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Mama Deb
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Knives and Fire X (Week 3)


Brown Stock and Alternative Sauces

First we discussed costing using the Book of Yields. A chef has to be aware of how much food costs per unit - both as purchased and in edible portions, and to balance the cost savings of buying less processed foods with the price of labor and waste (although, in a good professional kitchen, nothing is wasted.)

Then we continued in our discussion of sanitation in professional kitchens. To be precise, we talked about the foodbourne diseases that can be prevented with proper hygiene (hepatitis A and norovirus), the ones that can be controlled by proper time and temperature control (bacterial), and the ones that can only be managed by using trustworthy suppliers (many seafood toxins - can't be detected, can't be cooked out, and can cause death, paralysis or amnesia (and how scary is that last?) Of course, those last are also mostly in shellfish, so that's just not a factor for me. We had a side discussion of trustworthy suppliers - people who have been in business a long time, people who state in writing that their deliverers follow HACCP (Hazard Analysis and Critical Control Point) requirements - meaning they deal with food safety issues before they become issues. Some companies also report the temperature of the truck at both loading and delivery, so you know they pay attention.

We also discussed sauces again - how to thicken with a starch slurry (cornstarch/arrowroot/potato starch and cold liquid, added to boiling liquid) and how to use a beurre manie (flour and butter kneaded together and added at the last minute), plus monter au beurre (swirling in butter in the last minute) and making a liaison between cream and eggs.

Then we discussed alternative sauces - particularly salsas (raw sauces of chopped fruits and/or veg), chutneys (cooked sweet and sour sauces) and relishes (also cooked or pickled.)

From there, we moved to brown stock. Brown stock is basically the same as white - bones, mirepoix, aromatics and water, but the method is a little different. First, the beef or veal bones are caramelized - placed in pans in a 350°F oven until mostly done. Then they're spread with tomato paste and put back in the oven (although we do drain the fat first.) And when that's very brown, we put the bones in the stock pot, and deglaze the pans with water, which is then added to the stock pot. The bones are replaced with the mirepoix (normal mirepoix plus leeks), which is also browned in the oven. Meanwhile, the stock is brought to boil and down to a simmer, and skimmed. The browned vegetables are then added to the pot with the sachets (I made the sachets - bay leaves, thyme and crushed peppercorns) and the pans deglazed again. And then it's simmered for 6-10 hours.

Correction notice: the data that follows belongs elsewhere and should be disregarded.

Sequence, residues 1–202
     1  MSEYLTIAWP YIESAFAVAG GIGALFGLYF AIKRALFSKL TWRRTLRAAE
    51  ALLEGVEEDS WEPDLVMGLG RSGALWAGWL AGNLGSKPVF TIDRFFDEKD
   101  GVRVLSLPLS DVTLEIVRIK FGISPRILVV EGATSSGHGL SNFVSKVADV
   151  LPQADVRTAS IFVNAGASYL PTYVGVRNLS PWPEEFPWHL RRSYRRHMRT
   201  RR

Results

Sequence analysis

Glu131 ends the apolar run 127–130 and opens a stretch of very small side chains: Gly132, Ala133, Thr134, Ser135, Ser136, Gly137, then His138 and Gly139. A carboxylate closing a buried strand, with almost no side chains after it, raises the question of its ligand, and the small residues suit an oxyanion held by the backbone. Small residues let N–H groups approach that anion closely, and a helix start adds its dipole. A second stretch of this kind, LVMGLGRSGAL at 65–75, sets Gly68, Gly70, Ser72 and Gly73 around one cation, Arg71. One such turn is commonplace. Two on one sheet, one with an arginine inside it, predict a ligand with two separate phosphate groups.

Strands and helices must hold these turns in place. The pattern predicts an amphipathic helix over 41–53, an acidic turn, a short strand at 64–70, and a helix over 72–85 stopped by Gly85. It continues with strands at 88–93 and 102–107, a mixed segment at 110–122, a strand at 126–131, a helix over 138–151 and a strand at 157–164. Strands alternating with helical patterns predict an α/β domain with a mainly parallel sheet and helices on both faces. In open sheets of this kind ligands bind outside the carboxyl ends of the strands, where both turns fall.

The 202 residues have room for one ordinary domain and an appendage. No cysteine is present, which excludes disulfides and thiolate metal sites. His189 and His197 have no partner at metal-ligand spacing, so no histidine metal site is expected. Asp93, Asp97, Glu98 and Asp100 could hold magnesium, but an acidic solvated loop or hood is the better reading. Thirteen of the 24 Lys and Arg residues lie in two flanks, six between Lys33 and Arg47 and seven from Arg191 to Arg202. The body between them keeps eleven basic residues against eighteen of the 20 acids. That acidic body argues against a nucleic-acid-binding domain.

Meanwhile, there were other things to do. First thing - we made a mango salsa. This used ripe mangos (sliced into thin 1/4" squares), finely diced red pepper and red onion and jalapeño pepper, vinegar, honey, lime juice, olive oil and cumin. I worked with G, but I just did the mango because cutting those thin little slices took forever. It didn't help that my knife could have been sharper and the ripe mango was slippery. We mixed it all together and it was delicious. It would be so yummy on fish or chicken. At which point, we went to lunch.

When we got back, we had a lecture on kashrut. In this case, it was mashgichim. The mashgiach is the person the supervisory agency puts in the kitchen to assure that everything adheres to halacha - not just the food and cooking methods, but anything that goes on in terms of food and service, like bug removal and the turning on of flames and the kashering of equipment.

The rabbi talked about both catering and restaurants, but the main thing was communication between chef and mashgiach, plus recognition that you have the same goal - to serve a quality kosher meal.

In catering, there's a lot more control. You know what you're serving and when and where. You can tell your
mashgiach what the menus are and when you're serving. In restaurants, it's far less predictable because the meals aren't set and you never know when you'll run out of checked vegetables.

Then we moved onto catering for Shabbat - time constraints, equipment constraints, halachic concerns about ovens and lights and even maybe an eruv (so one can carry from refrigerated truck to hotel if they don't have fridge room) - even serving dairy breakfast while prepping fleishig lunch. One hint - hire all non-Jewish staff on Shabbat to minimize problems. And make sure to make tea essence and get rid of all peppermills - even for decoration.

And keep the number of the supervisory organization at hand so they can mediate between you and the mashgiach (not possible on Shabbat, of course.)

He did NOT discuss Pesach because that's a major issue all by itself.

Then the rabbi left and we got back to cooking. While part of the class dealt with the stock and part prepped a mango chutney to be cooked tomorrow (I peeled two), some of us got our knives sharpened. I watched chef as he sharpened mine - he actually removed stone as he moved the knife forward over it. This is what's supposed to happen.

And then we helped clean up. Long day, but productive.

Comments

The class isn't geared strictly toward kosher cooking, is it? It's fascinating that a rabbi came in to discuss kashrut, if not.

The school is entirely kosher, and the expectations are that we will be working for/running kosher kitchens.

Wow! I missed that entirely.

Why remove peppermills?

Because if they're there, they will be used by either unsuspecting waiters or by diners, and grinding is forbidden on Shabbat, even if it's only *for* Jews, not by them. Better to not have it at all. No matter how pretty they are on the table.

I should have guessed. Thank you.